The Local Government Association recently published their vision for youth services, and I was asked to give my view on the role of Local Government in delivering youth services, the below are my thoughts.
UK Youth’s vision is for all young people to be empowered to build bright futures, whatever their background or circumstances. It’s mission is to provide access to appropriate, high quality services for young people in every community. This is precisely the goal that all Local Governments should also be prioritising.
This doesn’t mean that there is an expectation for Local Government to pay for all services on their own, to a large extent that ship has already sailed, and it’s not necessarily healthy for any organisation or service to be reliant upon a single income stream. So a turning back of the funding clock will not be adequate, or in fact be effective. But rather, Local Government, as highlighted in the LGA vision, does have a clear responsibility for ensuring youth services are provided locally, with resilient business models in place to ensure the longevity and sustainability of those services.
The changing face of youth service delivery
The youth sector across England has been and continues to evolve rapidly. Having experienced more than £400 million of cuts to local and regional services over the last 7 years, statutory provisions have substantially diminished right across the country, and in some areas ceased to exist entirely.
This environment has led to high levels of innovation in how to sustain delivery, and as a consequence there is now a huge variability and inconsistency in how services are being maintained across England’s 152 Local Authority (LA) areas. Multiple youth service models now exist, including commissioned and tendered services, voluntary sector led provisions, Community Interest Companies, Mutuals, Social Enterprises, cross-borough collaborations, and in some cases still statutorily led.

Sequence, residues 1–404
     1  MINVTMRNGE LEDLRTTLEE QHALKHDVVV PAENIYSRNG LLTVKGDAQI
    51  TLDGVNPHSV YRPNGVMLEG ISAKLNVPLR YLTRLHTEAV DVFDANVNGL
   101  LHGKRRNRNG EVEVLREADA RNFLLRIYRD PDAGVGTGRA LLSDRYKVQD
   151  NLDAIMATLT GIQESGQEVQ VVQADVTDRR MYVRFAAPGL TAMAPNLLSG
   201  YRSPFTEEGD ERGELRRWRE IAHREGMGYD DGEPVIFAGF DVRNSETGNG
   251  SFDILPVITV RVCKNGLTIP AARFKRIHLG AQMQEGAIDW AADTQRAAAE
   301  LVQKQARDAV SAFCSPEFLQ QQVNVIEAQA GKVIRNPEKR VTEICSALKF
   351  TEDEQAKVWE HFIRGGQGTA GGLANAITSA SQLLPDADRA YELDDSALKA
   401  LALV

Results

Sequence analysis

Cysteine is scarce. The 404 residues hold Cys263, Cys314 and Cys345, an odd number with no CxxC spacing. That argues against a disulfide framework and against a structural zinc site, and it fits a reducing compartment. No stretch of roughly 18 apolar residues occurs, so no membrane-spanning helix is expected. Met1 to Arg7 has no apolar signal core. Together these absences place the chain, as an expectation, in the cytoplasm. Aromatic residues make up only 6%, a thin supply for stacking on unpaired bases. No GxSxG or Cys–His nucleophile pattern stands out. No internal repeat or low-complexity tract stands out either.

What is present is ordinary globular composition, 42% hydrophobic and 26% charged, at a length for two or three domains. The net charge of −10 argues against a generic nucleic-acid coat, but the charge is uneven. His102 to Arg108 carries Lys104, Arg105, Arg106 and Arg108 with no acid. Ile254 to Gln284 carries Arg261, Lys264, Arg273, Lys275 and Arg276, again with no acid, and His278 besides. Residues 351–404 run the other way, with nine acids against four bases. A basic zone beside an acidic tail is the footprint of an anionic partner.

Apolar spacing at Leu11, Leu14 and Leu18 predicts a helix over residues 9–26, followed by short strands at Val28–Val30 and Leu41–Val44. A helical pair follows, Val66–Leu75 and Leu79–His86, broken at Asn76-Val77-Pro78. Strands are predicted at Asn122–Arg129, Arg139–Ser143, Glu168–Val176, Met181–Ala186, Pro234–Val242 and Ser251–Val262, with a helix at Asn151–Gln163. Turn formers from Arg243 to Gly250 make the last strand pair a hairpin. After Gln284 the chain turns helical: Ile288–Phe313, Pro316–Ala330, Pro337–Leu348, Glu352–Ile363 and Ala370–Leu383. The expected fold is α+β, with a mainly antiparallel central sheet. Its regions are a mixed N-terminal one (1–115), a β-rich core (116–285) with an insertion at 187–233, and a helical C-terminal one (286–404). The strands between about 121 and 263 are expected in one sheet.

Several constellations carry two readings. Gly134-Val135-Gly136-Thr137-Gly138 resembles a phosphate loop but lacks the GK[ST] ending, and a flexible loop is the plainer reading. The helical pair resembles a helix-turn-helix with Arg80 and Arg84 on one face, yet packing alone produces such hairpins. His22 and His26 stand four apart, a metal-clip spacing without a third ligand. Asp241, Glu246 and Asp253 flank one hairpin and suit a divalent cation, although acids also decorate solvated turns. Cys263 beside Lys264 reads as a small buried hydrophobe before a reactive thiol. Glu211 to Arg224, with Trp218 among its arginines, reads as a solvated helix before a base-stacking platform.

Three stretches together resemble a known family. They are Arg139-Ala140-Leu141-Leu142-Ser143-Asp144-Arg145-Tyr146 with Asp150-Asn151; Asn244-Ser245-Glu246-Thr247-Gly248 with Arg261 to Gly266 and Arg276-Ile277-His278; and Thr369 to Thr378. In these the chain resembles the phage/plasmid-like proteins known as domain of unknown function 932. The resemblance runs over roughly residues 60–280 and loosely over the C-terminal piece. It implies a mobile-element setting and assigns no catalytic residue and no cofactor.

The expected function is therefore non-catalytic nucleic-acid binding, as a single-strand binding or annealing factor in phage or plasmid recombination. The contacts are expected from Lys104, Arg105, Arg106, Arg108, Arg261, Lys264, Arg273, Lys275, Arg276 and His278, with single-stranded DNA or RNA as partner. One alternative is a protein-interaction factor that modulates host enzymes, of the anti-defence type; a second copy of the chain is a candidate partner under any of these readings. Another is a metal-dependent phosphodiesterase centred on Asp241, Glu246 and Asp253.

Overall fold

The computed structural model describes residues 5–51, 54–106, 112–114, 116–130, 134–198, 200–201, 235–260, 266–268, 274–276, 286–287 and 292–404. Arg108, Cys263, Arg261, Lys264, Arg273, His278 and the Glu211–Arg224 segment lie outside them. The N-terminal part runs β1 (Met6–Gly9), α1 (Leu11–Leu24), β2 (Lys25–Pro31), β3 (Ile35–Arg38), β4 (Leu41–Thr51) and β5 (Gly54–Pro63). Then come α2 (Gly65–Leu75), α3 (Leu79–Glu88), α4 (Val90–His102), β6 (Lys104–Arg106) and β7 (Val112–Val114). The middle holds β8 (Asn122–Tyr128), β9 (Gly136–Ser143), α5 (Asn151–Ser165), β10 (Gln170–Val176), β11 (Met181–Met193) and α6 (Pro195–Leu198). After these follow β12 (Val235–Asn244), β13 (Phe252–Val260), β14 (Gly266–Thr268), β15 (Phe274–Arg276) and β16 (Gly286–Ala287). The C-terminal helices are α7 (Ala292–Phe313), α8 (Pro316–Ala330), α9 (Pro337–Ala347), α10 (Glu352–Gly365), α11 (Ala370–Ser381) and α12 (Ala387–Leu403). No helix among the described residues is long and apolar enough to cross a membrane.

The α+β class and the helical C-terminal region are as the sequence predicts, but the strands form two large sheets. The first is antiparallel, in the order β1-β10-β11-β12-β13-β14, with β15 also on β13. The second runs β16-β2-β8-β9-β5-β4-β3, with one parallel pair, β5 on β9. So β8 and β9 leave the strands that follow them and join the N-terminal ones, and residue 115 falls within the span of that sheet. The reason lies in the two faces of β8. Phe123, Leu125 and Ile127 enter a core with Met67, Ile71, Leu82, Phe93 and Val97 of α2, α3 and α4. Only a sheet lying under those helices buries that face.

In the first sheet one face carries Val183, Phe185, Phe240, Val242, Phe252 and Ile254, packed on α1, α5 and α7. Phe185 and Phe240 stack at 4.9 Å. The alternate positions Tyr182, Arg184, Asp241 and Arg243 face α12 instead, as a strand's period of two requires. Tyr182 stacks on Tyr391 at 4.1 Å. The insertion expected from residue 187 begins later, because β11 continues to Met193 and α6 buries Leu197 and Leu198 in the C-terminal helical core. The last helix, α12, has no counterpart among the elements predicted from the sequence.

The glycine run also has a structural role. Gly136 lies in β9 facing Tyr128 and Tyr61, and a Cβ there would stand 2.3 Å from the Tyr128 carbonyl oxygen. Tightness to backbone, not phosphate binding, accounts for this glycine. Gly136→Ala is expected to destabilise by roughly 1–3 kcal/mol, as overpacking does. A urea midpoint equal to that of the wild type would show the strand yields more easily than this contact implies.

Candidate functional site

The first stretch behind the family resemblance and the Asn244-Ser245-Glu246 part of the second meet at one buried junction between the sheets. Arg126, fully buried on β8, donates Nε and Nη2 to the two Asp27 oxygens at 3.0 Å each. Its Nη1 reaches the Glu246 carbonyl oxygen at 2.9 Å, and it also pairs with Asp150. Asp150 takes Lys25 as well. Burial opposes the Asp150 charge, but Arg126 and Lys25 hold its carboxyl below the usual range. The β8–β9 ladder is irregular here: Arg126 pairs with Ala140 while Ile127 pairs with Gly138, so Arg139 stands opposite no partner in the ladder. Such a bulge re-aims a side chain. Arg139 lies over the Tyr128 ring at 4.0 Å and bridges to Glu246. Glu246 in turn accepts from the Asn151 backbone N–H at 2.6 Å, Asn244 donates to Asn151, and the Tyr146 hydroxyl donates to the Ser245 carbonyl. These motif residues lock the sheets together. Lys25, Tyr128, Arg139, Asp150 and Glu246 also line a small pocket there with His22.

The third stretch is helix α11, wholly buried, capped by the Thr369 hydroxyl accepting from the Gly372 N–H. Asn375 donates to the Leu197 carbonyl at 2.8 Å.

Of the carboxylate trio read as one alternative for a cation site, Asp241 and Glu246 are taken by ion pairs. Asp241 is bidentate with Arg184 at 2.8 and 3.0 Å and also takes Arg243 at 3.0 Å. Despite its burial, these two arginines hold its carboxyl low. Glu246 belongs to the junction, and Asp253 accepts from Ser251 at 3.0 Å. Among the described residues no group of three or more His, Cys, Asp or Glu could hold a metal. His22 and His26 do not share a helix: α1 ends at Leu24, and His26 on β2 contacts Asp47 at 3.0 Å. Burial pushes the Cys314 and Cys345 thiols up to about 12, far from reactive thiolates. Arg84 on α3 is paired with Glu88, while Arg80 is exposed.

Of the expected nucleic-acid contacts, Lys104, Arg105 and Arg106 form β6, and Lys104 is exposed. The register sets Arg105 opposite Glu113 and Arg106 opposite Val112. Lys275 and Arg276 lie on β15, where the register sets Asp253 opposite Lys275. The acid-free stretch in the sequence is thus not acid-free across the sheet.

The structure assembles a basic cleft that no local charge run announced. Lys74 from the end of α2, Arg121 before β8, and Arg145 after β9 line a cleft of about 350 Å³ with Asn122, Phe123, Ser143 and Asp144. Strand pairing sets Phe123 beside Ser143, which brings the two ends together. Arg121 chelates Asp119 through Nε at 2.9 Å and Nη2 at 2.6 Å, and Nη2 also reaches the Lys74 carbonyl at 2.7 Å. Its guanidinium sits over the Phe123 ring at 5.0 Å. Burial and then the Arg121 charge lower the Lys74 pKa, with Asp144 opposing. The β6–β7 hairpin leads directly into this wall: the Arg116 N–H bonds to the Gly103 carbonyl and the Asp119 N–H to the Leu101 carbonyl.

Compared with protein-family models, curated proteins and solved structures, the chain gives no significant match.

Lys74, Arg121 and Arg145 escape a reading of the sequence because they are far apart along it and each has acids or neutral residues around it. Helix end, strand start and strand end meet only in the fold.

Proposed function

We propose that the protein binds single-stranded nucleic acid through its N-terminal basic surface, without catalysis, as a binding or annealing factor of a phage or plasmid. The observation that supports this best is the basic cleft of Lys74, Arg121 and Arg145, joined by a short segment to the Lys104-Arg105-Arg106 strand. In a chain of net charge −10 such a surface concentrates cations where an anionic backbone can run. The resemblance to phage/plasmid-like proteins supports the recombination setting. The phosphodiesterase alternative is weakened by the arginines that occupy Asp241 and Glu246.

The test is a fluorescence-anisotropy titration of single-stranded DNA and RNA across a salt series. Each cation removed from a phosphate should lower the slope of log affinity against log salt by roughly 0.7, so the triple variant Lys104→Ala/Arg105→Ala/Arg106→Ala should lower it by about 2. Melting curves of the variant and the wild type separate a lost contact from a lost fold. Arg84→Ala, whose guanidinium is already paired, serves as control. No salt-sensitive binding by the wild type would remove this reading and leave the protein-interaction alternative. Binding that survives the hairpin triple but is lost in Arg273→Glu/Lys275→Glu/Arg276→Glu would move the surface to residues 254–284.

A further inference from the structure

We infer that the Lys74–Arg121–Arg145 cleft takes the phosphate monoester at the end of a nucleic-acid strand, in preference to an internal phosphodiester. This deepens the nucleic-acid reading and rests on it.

Examples of the variety of new youth service infrastructure models include:
- A Mutual in Merseyside (Knowsley Youth Mutual)
- An employee led Community Interest Company in Kensington and Chelsea (EPIC)
- Wholesale commissioned services in Greenwich (Charlton Athletic Community Trust – Young Greenwich)
- A staff-run social enterprise in Devon (Space)
- County Council led youth services in Hertfordshire (Youth Connexions Hertfordshire)
- An LA funded collective of voluntary sector organisations in Brighton and Hove (Youth Collective)
- Young People Foundations established in Brent, Barnet, Harrow and other London Boroughs
Plus many more structures that have developed organically throughout the country.
If the responsibility for Local Government isn’t just financial, what it is?
In today’s more complex ecosystem of service provision the answer is principally and fundamentally, to take on a strategic and quality management lead. Each LA may have a different model to delivering an offer, but they still maintain the responsibility and duty of care to ensure that a comprehensive and fit-for-purpose offer is being delivered.
Whether that be predominately statutory funded, or voluntary sector led, whether there are a range of local social enterprises, or the private sector is playing a more significant role, as they are with schooling, it doesn’t really matter. Young People don’t care who is paying for their local youth centre, just that there is one!
Local Government’s key role therefore is to bring local stakeholders together, genuinely cross-sector and essentially, inter-departmental, engaging and partnering with criminal justice, housing, health services, education, social services, early intervention, and more.